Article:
The admirable thing about this story, if that was portrayed accurately, which it seems to be to some extent, is the bravery and selflessness of those individuals who just did what had to be done despite the conditions and the cost to themselves.
 

pedruid

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I suppose the "benefits" of a totalitarian state where all people are subject to the "orders" of their superiors, is that you can enforce drastic changes quickly and relatively efficiently (provided those in charge are competent - which isn't always the case). Anyone dissenting just disappears in the night.

But the other side of that coin is that you don't need to go to any great lengths in ensuring the safety of your design and operating systems either (which caused the accident in the first place), because if a few thousand people die, what does that matter? You can just cover it up and order everyone back to work.

Personally I would not yearn to live in such a state.

The admirable thing about this story, if that was portrayed accurately, which it seems to be to some extent, is the bravery and selflessness of those individuals who just did what had to be done despite the conditions and the cost to themselves.
Excellent series. Even my wife watched it.
 

gamer16

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Nov 3, 2013
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Despite denials, study claims 2017's mysterious radioactive cloud did come from Russia

n early October 2017 a number of European radiation monitoring bodies began to report spikes in atmospheric radioactivity. The information quickly spread across an informal network of monitoring stations known as the Ring of Five (Ro5). Georg Steinhauser, from the University of Hanover, explains the anomalous nature of this radioactive release was immediately apparent. And, within days, a number of reports from detection laboratories across Europe had verified this considerable, and unusual, event.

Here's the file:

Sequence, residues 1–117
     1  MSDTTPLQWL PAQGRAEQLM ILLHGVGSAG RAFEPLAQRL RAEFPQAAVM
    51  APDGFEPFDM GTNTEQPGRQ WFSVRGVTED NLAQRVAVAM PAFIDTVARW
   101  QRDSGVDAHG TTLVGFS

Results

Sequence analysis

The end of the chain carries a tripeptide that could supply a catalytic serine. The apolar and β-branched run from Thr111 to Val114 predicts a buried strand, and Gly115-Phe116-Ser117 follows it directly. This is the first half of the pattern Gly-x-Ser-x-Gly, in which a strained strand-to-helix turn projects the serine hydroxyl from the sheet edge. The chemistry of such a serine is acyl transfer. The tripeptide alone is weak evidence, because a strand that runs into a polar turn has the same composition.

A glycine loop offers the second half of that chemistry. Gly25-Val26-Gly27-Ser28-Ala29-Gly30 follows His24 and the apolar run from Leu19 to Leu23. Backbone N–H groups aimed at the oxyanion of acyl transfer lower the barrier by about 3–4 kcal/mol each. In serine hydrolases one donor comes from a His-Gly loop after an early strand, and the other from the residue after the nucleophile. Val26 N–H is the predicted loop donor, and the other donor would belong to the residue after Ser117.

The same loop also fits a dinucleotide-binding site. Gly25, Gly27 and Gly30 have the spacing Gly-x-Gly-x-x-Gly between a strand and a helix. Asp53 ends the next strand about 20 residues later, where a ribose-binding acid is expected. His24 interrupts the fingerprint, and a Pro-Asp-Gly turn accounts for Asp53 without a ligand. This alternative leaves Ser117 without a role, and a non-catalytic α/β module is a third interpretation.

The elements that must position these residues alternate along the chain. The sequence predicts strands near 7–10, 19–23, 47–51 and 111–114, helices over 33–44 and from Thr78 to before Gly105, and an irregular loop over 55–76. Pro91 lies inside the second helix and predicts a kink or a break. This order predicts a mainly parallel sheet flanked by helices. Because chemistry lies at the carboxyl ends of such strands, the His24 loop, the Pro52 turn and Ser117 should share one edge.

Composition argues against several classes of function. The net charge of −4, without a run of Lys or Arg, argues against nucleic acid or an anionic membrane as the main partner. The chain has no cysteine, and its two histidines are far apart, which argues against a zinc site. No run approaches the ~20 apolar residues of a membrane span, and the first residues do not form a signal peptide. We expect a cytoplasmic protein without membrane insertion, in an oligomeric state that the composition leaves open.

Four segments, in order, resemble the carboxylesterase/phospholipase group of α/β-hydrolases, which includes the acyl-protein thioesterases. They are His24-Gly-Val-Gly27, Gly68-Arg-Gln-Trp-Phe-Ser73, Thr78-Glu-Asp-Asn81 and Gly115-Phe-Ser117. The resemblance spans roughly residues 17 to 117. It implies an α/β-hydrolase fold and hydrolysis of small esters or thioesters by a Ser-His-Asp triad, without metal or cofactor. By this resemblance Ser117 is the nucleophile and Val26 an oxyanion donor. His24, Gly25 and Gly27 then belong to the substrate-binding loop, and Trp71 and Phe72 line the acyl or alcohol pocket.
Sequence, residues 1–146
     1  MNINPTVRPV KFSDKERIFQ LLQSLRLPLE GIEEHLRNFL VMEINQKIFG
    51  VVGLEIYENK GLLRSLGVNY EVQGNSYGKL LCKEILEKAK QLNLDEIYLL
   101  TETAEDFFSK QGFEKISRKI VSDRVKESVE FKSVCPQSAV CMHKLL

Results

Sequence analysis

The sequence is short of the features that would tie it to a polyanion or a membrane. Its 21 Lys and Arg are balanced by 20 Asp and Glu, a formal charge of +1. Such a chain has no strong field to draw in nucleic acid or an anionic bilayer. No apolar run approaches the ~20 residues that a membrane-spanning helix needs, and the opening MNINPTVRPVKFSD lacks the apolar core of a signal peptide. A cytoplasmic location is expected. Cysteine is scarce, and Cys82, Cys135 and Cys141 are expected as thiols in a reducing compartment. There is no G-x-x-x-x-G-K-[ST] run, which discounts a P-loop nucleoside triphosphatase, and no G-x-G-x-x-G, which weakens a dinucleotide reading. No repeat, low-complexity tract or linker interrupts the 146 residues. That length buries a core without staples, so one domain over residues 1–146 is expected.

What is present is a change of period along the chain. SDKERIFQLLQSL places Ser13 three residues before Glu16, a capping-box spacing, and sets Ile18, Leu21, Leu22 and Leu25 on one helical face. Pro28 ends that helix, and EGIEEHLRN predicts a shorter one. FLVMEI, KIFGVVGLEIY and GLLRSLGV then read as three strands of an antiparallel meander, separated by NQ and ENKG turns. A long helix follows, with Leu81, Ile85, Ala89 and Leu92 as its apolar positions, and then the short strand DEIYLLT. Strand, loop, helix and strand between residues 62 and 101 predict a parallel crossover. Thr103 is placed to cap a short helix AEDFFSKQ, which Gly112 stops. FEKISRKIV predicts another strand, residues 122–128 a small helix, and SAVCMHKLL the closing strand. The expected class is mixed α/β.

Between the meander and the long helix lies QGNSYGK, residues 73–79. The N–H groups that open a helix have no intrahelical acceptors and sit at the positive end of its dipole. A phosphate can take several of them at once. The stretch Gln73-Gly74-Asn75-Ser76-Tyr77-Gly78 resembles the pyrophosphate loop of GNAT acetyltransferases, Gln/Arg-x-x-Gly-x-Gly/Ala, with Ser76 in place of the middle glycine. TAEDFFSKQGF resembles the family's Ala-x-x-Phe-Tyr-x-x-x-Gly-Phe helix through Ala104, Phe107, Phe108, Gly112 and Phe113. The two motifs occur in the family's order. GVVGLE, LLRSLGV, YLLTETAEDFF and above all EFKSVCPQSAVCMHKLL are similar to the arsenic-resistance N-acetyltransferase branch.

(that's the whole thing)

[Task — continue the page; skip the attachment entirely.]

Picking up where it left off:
"The Ro5 members operate monitoring stations on a routine basis, as the surveillance measurements of the national radiation protection authorities," Steinhauser tells New Atlas. "We did not anticipate any release, but we observed it immediately, when it happened."

The radioactive isotope being detected was ruthenium-106 (106Ru). Not only was the atmospheric presence of this rare isotope highly unusual, but the fact it was measured in isolation was particularly strange. This suggested the leak came from a very specific source, most likely a nuclear reprocessing plant.

Linky
 

dualmeister

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Scientists have distilled vodka from ingredients found in the Chernobyl exclusion zone, creating the first consumer product out of the area since the nuclear disaster over 30 years ago. Called Atomik, the artisan vodka is actually an experiment from researchers looking into how much radioactivity would transfer over to crops grown in the zone, according to the Chernobyl Spirit Company, the team that created it.
Vodka.jpg

Source
 

Vrotappel

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Feb 22, 2005
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Just got around to watching this. Brilliant.

South Africa summarised in 5 episodes.